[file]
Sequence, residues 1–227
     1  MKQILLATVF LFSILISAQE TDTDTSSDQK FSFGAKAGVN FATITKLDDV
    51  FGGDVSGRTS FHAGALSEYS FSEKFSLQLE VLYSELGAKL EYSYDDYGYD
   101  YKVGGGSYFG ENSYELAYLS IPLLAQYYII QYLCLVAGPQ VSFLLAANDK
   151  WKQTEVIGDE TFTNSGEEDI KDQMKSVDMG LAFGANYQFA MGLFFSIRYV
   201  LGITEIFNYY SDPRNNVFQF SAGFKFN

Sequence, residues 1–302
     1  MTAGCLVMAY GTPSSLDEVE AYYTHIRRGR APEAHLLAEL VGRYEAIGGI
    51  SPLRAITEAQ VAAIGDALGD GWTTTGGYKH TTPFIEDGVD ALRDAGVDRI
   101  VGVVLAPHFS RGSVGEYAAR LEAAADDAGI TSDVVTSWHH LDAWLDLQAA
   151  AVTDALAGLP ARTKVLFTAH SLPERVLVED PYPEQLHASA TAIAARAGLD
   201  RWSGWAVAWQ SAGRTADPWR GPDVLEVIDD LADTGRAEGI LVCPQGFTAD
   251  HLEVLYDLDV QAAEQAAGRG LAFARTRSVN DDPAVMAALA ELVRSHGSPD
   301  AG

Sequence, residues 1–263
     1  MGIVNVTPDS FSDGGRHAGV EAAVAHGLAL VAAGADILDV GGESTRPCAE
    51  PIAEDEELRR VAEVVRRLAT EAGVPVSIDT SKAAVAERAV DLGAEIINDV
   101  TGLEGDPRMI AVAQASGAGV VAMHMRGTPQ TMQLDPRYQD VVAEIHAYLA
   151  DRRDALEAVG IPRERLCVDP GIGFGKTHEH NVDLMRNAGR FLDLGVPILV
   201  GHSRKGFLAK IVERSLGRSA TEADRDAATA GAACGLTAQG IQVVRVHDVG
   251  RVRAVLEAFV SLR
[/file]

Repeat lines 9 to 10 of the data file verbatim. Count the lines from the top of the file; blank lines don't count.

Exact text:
    51  SPLRAITEAQ VAAIGDALGD GWTTTGGYKH TTPFIEDGVD ALRDAGVDRI
   101  VGVVLAPHFS RGSVGEYAAR LEAAADDAGI TSDVVTSWHH LDAWLDLQAA